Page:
(Bloomberg Opinion) -- Illinois doesn’t get as much attention as some other Midwestern states around Election Day. It’s no secret why: Unlike Iowa, Michigan, Minnesota, Ohio and Wisconsin, it’s not even remotely close to being a toss-up for the presidency.What it lacks in White House intrigue, however, it more than makes up for in its own drama.Illinois has long held the unenviable distinction of being the lowest-rated U.S. state. Its retirement systems are so underfunded, and have been for such a long time, that the phrase “Illinois pensions” is practically used as shorthand among Republicans in Washington as a reason the federal government shouldn’t send a huge aid package to state and local governments to help them get through the pandemic. One of the lesser-known reasons for Illinois’s struggles is its own constitution. As it stands, any state personal income tax must be a single-rate structure — that is to say, flat. That’s relatively rare across America: Of the 41 states that tax wage and salary income, just nine had a single-rate structure as of 2019, according to the Tax Foundation. At 4.95%, Illinois’s current rate keeps it competitive with Indiana and Michigan, which also have a flat-tax structure, and makes it more favorable for top earners than Iowa, Minnesota or Wisconsin. But, of course, that comes at the expense of getting less revenue from its wealthiest residents than states like Connecticut and New Jersey, which also have underfunded pensions but are still seen as better off than Illinois.Illinois has the lowest investment-grade ratings (BBB-/Baa3) and negative outlooks from the three biggest bond-rating firms. One more downgrade and the state’s debt would become the first in at least the last half-century to be rated junk.Governor J.B. Pritzker, unsurprisingly, wants to avoid that outcome. He’s been championing a “Fair Tax for Illinois” since his gubernatorial race in 2018, a constitutional amendment that would allow for a graduated income tax as long as voters approve the ballot measure next week. This is how the constitution’s language would change:(a) A tax on or measured by income shall be at a non-graduated rate. At any one time there may be no more than one such tax imposed by the State for State purposes on individuals and one such tax so imposed on corporations. The General Assembly shall provide by law for the rate or rates of any tax on or measured by income imposed by the State. In any such tax imposed upon corporations the highest rate shall not exceed the highest rate imposed on individuals by more than a ratio of 8 to 5.In anticipation of voters ratifying this amendment, the Illinois General Assembly passed, and Pritzker signed, a measure more than a year ago that lays out the new tax brackets that would take effect at the start of 2021. For individuals who make $100,000 or less, the income tax would be slightly lower than the current 4.95%. The marginal rate would jump to 7.75% for income above $250,000, 7.85% for income above $350,000, and for those making more than $750,000, Illinois would impose a 7.95% rate on all taxable income rather than just the amount that exceeds that threshold. It would bring in about $1.2 billion for the fiscal year that began July 1 and $3.1 billion for a full 12 months, according to state estimates.Considering Illinois is facing a $4.1 billion budget shortfall in fiscal 2021, it’s not hyperbole to suggest that the passage of this amendment is a make-or-break moment for the state’s finances. Illinois’s credit rating is on the ballot this year: A failure to win over voters on the “Fair Tax” will most likely push the state into junk territory.But don’t just take my word for it. Citigroup Inc. municipal-bond strategists led by Vikram Rai wrote in a report this month that “a downgrade is almost guaranteed” for Illinois if the tax measure isn’t approved. A rating cut would increase the state’s borrowing costs by 50 basis points, they wrote, to roughly 4% for 10-year bonds from 3.5% now. Yet, by their logic, even passing the amendment isn’t necessarily an all-clear. Rather, voters throughout the country will also have a say in whether Illinois can maintain its investment grade:If the progressive tax ballot measure passes but Republicans retain control of the White House and Senate, the outlook for downgrade is nebulous, essentially a toss-up. Finally, if the progressive ballot measure passes and Democrats take over the White House and the Senate, Illinois may be able to avoid a downgrade after all since more generous fiscal aid can be expected from the Federal government, which will go a long way towards reversing the deterioration in the state’s credit.Put plainly, Illinois could use a “blue wave” to help get a handle on its budget, which was already in precarious shape before the Covid-19 pandemic. Remember that Senate Majority Leader Mitch McConnell, a Kentucky Republican, said in April that he “would certainly be in favor of allowing states to use the bankruptcy route,” rather than what he saw as a move to “bail out state pensions.” Illinois isn’t in such a dire position yet, but it doesn’t take much imagination to see how draconian cuts at the state level could harm its cities and counties. On Monday, Chicago Chief Financial Officer Jennie Huang Bennett said she’s “not sure” the city will “get through the budget season without a downgrade.” Moody’s Investors Service has considered the city junk since 2015.There’s a risk, of course, that higher taxes on top earners could accelerate outmigration from the state. Ken Griffin, the billionaire founder and chief executive officer of Chicago-based Citadel, has donated $20 million to the “Coalition to Stop the Proposed Tax Hike Amendment.” Griffin is the richest person in the state, and the coalition also includes Sam Zell, the second wealthiest. Pritzker, himself a billionaire and one of the state’s 10 wealthiest residents, has donated more than $50 million to the “Vote Yes for Fairness” committee.For all the millions sloshing around over a policy question, there’s been relatively little in the way of robust polling on the topic. One survey released in March, just before the Covid-19 pandemic roiled the economy, showed that 65% of Illinois voters supported the amendment. That’s a larger share than Joe Biden, the Democratic presidential nominee, is expected to receive, according to FiveThirtyEight. But even that margin doesn’t make it a certainty. The Illinois constitution’s threshold is approval from “either three-fifths of those voting on the question or a majority of those voting in the election.” If you assume that the amendment’s opponents are more motivated voters, and enough of those who would say “yes” leave the response blank, it’s possible to come up with scenarios in which the graduated income tax falls short.I’m not sure if more people would vote on the amendment if they were told Illinois’s credit rating would be cut to junk if it fails. But that’s precisely what’s on the line. In non-bond market terms, that would mean more of the budget is eaten up by debt payments, which would further erode the state’s pension funding and public services. In a “periodic review” of Illinois’s credit rating published on Oct. 23, Moody’s noted that “the state's pension liabilities are worsening while its financial capacity is suffering from reduced revenue,” adding that “while the rating reflects the dramatic economic downturn caused by the current coronavirus epidemic, the situation for some states remains fluid.” It’s not hard to read between the lines.No politician wants to raise taxes if it can be avoided. But Pritzker and lawmakers are out of moves and need the ability to pull in more revenue in the coming years to make ends meet. Whether that happens is in the voters’ hands now. This column does not necessarily reflect the opinion of the editorial board or Bloomberg LP and its owners.Brian Chappatta is a Bloomberg Opinion columnist covering debt markets. He previously covered bonds for Bloomberg News. He is also a CFA charterholder.For more articles like this, please visit us at bloomberg.com/opinionSubscribe now to stay ahead with the most trusted business news source.©2020 Bloomberg L.P.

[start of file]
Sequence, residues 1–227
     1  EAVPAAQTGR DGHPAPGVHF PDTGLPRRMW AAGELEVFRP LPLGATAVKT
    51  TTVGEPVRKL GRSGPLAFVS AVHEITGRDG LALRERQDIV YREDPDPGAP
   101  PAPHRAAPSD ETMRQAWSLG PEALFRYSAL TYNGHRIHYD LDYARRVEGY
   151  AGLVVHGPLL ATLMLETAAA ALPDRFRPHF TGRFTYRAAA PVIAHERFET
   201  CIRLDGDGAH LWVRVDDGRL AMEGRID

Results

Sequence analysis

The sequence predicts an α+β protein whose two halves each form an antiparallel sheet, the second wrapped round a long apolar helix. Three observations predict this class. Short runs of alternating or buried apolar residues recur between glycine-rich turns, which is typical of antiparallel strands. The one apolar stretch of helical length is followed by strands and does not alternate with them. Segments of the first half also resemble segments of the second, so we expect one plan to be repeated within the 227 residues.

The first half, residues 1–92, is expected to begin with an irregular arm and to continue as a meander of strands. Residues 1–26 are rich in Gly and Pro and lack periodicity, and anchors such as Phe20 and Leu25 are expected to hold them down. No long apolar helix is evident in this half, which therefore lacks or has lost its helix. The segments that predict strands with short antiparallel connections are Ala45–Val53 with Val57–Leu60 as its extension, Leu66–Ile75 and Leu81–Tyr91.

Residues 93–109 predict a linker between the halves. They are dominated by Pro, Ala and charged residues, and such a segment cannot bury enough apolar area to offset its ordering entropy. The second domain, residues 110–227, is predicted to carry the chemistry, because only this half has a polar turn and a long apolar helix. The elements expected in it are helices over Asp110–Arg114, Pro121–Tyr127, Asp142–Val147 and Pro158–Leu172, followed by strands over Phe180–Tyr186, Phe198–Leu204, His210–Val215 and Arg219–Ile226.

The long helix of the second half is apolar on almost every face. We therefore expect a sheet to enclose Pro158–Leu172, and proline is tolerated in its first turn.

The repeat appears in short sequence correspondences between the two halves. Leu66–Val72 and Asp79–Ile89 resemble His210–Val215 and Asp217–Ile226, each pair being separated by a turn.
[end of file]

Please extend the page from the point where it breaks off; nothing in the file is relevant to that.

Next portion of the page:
(Bloomberg) -- Citigroup Inc. plans to deepen its corporate banking presence in developing countries from Russia to South Africa even as some rivals decamp to focus on their home markets.The lender has overhauled its business in eastern Europe, the Middle East and Africa to focus on emerging economies. The third-largest U.S. bank is betting unprecedented deal opportunities will follow the economic slump caused by the coronavirus pandemic, weak oil prices and political uncertainty.As part of the revamp, Citigroup in September shifted 29 of its operations across these three regions and another 30 units in countries where it doesn’t have a presence, creating a single emerging markets cluster.“We’re going to look at increasing the canvas for the bank compared to where we are now,” Naveed Kamal, chairman of EMEA EM corporate banking, said in an interview.The expansion contrasts with some of its European rivals. Deutsche Bank AG and Barclays Plc have scaled back or retreated from Africa to focus on their home markets. Standard Chartered Plc is cutting staff and reducing its presence in Dubai, along with Nomura Holdings Inc. and Credit Suisse Group AG.“We’re already hiring new resources and will hire more people as the opportunity grows,” Kamal said. “It will be a combination of either hiring more or reallocating resources.”Bigger BucketsDemand for emerging-market assets will increase substantially as global asset managers and pension funds look to generate higher returns in the low interest-rate environment, Rizwan Shaikh, co-head of Citigroup’s EMEA EM corporate-banking division, said on the same call.“Even a slight change to that mandate will mean substantial funds coming into emerging markets,” he said. “We want to be ready for that change.”Direct lending platforms set up by sovereign wealth funds like Mubadala and Qatar Investment Authority are further opportunities for the New York-based bank and its competitors.The lender’s emerging-markets business could get a further boost when Jane Fraser takes over as chief executive officer in February given her experience in some developing regions.“We’re excited about the entire region especially in light of the last seven to eight months,” said Aziz Rahman, co-head of EMEA EM corporate banking. “We see a common thread in EM from companies and sovereigns who are either looking to raise capital, do refinancing, and/or do more acquisitions and grow.”The bank expects sovereigns to keep tapping markets for their capital needs, with bond and sukuk sales from the Middle East and North Africa hitting a record $115 billion so far this year.Fiscal Space“These countries have significant sovereign wealth and fiscal space to borrow for investing in their economies for growth and to fund deficits,” Kamal said.The bank is the third top arranger of debt and sukuk sales from the Middle East and North Africa, behind HSBC Holdings Plc and Standard Chartered, according to data compiled by Bloomberg. It ranks third for Eastern European bonds after JPMorgan and BNP Paribas SA, and fourth in Africa.To complement the bond-sale spree, state-owned firms are also turning to asset sales to support their economies.Citigroup Sees Asset Sales Boosting $47 Billion Gulf Debt BingeWhile Citigroup isn’t expecting a big rush for liquidity from regional clients any time soon -- mainly because of quarterly earnings that either met or beat expectations -- this is poised to change.“There will be need for capital as things normalize and our clients look to reinvest for growth,” Shaikh said. “Most have held back spending in the past months and we expect pent up demand to drive a lot of capital raising in debt and equity.”(Updates with comment from co-head for EMEA EM in second paragraph after ‘Bigger Buckets’ subheadline)For more articles like this, please visit us at bloomberg.comSubscribe now to stay ahead with the most trusted business news source.©2020 Bloomberg L.P.
(Bloomberg) -- Krafton Inc., the company behind the hit mobile game PlayerUnknown’s Battlegrounds, said it hired Mirae Asset Daewoo to lead an initial public offering planned for next year, in what could be South Korea’s largest ever debut.The company plans to accelerate its stock offering plans and has also hired Credit Suisse Group AG, Citigroup Inc. and JPMorgan Chase & Co., the company said. The country’s Kakao Games Corp. went public last month and more than tripled in its first two days of trading.Krafton could be valued at about $26 billion, based on the multiples for fellow Korean game makers Netmarble Corp. and NCSoft Corp., according to local media reports. That would make Krafton one of South Korea’s largest companies.About $9 billion in stock may be sold in the sale, Maeil Business Newspaper reported. The country’s largest IPO to date was the $6 billion debut of KT Corp. in 1998, followed by Samsung Life Insurance Co.’s $4.3 billion share sale in 2010.Krafton is backed by China gaming giant Tencent Holdings Ltd., which became the second-largest holder in 2018, when the company was known as Bluehole. Tencent held a 13.2% stake as of June 30, according to a regulatory filing. Co-founder Chang Byung-gyu owns the largest stake, controlling 41% when including shares held by his wife and other executives.PUBG, as the studio’s biggest hit is known, is one of the pioneers of the “battle royale” format of online multiplayer games, popularized in recent years by titles such as Epic Games Inc.’s Fortnite.Story Link: PUBG Maker Krafton Hires Mirae Asset Daewoo for IPO Next YearFor more articles like this, please visit us at bloomberg.comSubscribe now to stay ahead with the most trusted business news source.©2020 Bloomberg L.P.